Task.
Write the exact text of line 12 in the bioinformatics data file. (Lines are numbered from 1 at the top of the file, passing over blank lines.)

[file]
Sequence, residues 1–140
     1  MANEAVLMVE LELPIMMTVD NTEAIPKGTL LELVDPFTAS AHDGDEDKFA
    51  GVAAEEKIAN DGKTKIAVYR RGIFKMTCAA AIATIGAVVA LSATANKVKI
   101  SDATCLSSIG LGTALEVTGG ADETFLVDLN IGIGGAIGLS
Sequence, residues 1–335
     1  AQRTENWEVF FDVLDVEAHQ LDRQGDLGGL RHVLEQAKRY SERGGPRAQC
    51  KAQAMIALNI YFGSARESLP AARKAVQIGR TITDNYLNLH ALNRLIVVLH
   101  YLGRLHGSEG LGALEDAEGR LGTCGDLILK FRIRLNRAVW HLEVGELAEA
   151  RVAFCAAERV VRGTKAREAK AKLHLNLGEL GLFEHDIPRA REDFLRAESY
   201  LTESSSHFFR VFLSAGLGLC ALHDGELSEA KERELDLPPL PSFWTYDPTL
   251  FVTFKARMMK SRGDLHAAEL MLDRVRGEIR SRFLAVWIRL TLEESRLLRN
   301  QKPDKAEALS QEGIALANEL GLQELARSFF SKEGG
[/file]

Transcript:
   301  QKPDKAEALS QEGIALANEL GLQELARSFF SKEGG